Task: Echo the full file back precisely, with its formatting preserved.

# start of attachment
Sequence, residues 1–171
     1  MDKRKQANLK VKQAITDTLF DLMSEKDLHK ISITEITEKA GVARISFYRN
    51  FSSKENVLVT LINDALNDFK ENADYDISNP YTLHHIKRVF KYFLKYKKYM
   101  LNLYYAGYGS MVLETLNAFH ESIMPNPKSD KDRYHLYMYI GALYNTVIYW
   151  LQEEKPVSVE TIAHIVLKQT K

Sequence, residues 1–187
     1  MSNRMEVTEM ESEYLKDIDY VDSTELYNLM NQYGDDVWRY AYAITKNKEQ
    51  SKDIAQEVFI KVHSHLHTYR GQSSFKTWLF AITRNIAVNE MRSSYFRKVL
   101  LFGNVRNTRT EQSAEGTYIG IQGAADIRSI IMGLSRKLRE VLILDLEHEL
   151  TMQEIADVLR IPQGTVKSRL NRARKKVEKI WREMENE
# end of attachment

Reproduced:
Sequence, residues 1–171
     1  MDKRKQANLK VKQAITDTLF DLMSEKDLHK ISITEITEKA GVARISFYRN
    51  FSSKENVLVT LINDALNDFK ENADYDISNP YTLHHIKRVF KYFLKYKKYM
   101  LNLYYAGYGS MVLETLNAFH ESIMPNPKSD KDRYHLYMYI GALYNTVIYW
   151  LQEEKPVSVE TIAHIVLKQT K

Sequence, residues 1–187
     1  MSNRMEVTEM ESEYLKDIDY VDSTELYNLM NQYGDDVWRY AYAITKNKEQ
    51  SKDIAQEVFI KVHSHLHTYR GQSSFKTWLF AITRNIAVNE MRSSYFRKVL
   101  LFGNVRNTRT EQSAEGTYIG IQGAADIRSI IMGLSRKLRE VLILDLEHEL
   151  TMQEIADVLR IPQGTVKSRL NRARKKVEKI WREMENE